As a second example, in Summit Data Systems, LLC v. EMC Corporation, the court similarly granted attorney fees against a non-practicing entity (“NPE”) in order to deter “reckless and wasteful litigation in the future.” No. 10–749–GMS, 2014 WL 4955689, at *5 (D. Del. Sept. 25, 2014). There, Summit pursued an induced infringement action against a number of defendants, including NetApp, Inc. Id. at *1. Prior to filing the suit, Summit licensed the technology to a group that included another tech company, but withheld this vital fact from NetApp for an additional eighteen months. Id. at *1–*2. Knowing from the start that NetApp users primarily used the other tech company’s initiator software, it took two years for Summit to concede that NetApp could not induce infringement of its users using that tech company’s product due to the 18-month old license, and it dismissed its claims. Id. at *2–*3. The court found that (1) the baselessness of the claims, (2) the delay in disclosing the license, and (3) the fact that Summit “extracted settlements from co-defendants worth a fraction of what it would actually cost them to defend the lawsuit, and then voluntarily dismissed its claims [against NetApp] with prejudice prior to the court issuing a ruling on the merits[,]” all weighed in favor in finding the case exceptional under §285. Id. at *5.
As a last example, like Summit, IPVX Patent Holdings, Inc. was told to fork over attorney fees because the court found its conduct “exceptional.” IPVX Patent Holdings, Inc. v. Voxernet LLC, No. 5:13–cv–01708 HRL, 2014 WL 5795545, at *5 (N.D. Cal. Nov. 6, 2014). The court granted fees because IPVX prosecuted the case in assembly-line fashion, served boilerplate complaints on dozens of defendants, failed to perform a pre-suit investigation, and failed to expend the resources needed to support its infringement positions. Id. The court found “[d]etering similar behavior… is an appropriate consideration in awarding fees.” Id. (citing Octane, 134 S.Ct. at 1756, n.6); see also Kilopass Tech. Inc. v. Sidense Corp., No. 10-cv-02066-S, 2015 WL 1065883, at *5,*14 (N.D. Cal. Mar. 11, 2015) (finding the case “exceptional” and awarding attorney fees of $5.5 million against pro se plaintiff computer chip manufacturer for its failure to conduct an adequate pre-trial investigation and for filing a baseless case).
It is important to note that these examples stand apart from others deemed “exceptional” due to “egregious behavior.” See, e.g., Intellect Wireless, Inc. v. Sharp Corp., No. 10–6763, 2014 WL 2443871, at *6 (N.D. Ill. May 30, 2014) (awarding fees based on false declarations before the PTO, without which, the court concluded, the plaintiff would not have obtained the patents at issue); Cognex Corp. v. Microscan Sys., Inc., No. 13–2027, 2014 WL 2989975, at *4 (S.D.N.Y. June 30, 2014) (criticizing plaintiff for post-trial motions that simply sought to re-litigate issues decided during trial and awarding fees at least as to those motions).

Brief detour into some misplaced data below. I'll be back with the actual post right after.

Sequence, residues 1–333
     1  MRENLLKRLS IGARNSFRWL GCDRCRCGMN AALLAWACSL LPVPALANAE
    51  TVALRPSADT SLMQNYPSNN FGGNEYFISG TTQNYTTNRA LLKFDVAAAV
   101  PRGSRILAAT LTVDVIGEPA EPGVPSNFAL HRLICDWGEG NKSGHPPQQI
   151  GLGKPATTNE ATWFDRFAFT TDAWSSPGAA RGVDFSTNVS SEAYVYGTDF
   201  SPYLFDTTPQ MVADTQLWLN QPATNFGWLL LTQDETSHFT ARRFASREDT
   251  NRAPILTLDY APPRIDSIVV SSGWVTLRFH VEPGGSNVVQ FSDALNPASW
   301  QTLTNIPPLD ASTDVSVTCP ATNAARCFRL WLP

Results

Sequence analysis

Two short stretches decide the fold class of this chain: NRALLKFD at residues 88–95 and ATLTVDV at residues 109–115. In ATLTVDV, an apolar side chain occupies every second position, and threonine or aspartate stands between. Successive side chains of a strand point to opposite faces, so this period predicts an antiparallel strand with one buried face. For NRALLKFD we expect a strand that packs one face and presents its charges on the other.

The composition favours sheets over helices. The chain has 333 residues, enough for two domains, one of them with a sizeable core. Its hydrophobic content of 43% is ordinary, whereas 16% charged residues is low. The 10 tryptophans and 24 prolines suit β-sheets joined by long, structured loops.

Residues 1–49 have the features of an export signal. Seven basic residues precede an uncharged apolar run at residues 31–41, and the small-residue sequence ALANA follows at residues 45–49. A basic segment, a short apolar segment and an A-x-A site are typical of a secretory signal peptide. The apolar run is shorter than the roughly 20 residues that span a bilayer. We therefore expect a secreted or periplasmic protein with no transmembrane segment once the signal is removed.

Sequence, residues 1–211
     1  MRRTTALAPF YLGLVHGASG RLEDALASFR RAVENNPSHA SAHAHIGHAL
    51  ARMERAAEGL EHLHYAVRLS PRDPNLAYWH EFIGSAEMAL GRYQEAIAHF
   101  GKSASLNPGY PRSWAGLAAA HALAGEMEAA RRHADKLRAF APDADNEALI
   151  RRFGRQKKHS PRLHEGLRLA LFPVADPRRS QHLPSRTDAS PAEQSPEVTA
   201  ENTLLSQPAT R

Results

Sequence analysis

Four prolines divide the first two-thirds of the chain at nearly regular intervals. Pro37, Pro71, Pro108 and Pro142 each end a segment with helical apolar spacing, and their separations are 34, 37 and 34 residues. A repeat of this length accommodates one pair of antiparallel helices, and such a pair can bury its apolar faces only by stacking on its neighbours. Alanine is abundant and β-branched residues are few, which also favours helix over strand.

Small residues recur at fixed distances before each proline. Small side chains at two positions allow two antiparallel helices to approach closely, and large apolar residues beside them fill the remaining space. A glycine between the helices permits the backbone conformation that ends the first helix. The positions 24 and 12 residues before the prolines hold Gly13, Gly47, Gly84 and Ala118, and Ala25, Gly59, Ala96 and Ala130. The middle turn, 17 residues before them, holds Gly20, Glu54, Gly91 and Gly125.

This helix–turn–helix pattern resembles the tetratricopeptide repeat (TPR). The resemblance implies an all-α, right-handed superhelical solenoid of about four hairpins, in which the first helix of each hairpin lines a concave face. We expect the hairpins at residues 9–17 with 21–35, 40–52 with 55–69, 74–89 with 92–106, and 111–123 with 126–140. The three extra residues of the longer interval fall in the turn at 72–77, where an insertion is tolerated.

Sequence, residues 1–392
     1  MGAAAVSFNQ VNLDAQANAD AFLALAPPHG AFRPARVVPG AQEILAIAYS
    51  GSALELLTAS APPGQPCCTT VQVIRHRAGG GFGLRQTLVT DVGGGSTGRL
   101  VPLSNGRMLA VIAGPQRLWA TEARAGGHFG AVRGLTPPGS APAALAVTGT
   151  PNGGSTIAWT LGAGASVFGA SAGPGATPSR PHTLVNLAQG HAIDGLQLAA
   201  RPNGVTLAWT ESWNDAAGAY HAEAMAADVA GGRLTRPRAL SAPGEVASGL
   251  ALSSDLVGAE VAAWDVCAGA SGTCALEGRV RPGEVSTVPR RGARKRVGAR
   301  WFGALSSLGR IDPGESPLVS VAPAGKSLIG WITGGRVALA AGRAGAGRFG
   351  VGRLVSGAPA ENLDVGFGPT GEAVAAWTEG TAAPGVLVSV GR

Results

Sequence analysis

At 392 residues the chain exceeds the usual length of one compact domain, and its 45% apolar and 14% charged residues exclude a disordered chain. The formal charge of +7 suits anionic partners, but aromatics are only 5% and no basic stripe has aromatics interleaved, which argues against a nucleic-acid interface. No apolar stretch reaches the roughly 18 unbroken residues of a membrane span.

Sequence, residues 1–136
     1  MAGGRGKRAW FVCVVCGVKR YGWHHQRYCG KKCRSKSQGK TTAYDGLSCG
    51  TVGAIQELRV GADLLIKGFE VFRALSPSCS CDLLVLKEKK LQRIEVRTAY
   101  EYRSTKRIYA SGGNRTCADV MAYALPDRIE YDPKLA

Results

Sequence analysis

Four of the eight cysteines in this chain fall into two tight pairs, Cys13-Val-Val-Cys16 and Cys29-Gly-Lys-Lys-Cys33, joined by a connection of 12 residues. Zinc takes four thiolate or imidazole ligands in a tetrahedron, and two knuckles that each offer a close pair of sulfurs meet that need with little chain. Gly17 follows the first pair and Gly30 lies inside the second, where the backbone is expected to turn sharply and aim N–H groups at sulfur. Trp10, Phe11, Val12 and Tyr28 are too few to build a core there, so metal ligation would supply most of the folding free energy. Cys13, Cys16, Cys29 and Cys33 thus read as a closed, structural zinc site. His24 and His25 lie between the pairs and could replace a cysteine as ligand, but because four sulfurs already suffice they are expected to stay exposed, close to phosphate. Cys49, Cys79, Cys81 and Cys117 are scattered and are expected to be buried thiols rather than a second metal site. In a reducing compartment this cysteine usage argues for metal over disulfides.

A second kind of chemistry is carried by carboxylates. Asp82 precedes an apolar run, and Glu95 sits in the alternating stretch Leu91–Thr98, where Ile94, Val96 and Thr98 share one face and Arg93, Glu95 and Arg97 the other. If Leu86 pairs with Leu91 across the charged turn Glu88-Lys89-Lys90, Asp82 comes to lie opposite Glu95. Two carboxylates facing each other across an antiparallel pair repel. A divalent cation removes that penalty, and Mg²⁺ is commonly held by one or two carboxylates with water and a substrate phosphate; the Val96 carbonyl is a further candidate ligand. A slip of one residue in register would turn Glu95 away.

Conversely, other courts have found cases that were pursued on “loose footing,” were nevertheless non-exceptional. LendingTree, LLC v. Zillow, Inc., No. 3:10–cv–00439–FDW–DCK, 2014 WL 5147551, at * 11 (W.D.N.C. Oct. 9, 2014). In LendingTree, the court denied Zillow’s motion for attorney fees although LendingTree continued to pursue its case after the court’s claim construction “substantially limited” LendingTree’s infringement allegations. Id. Although the court found LendingTree’s evidence “minimal,” it repeatedly denied Zillow’s motions for summary judgment, suggesting the case was not “frivolous or groundless.” Id. At *12.
This makes clear that the fact-based determination of what does, or does not, tip the scale to make a case “exceptional” under §285 is left to the court’s discretion. Moreover, this discretion is afforded much deference, and is now reviewable only for an abuse of discretion, instead of de novo as previously required. Highmark Inc. v. Allcare Health Mgmt., 134 S. Ct. 1744 (2014). This will likely make it more difficult to reverse a finding of “exceptional” under §285.
This article originally appeared in The Recorder, published on May 4, 2015.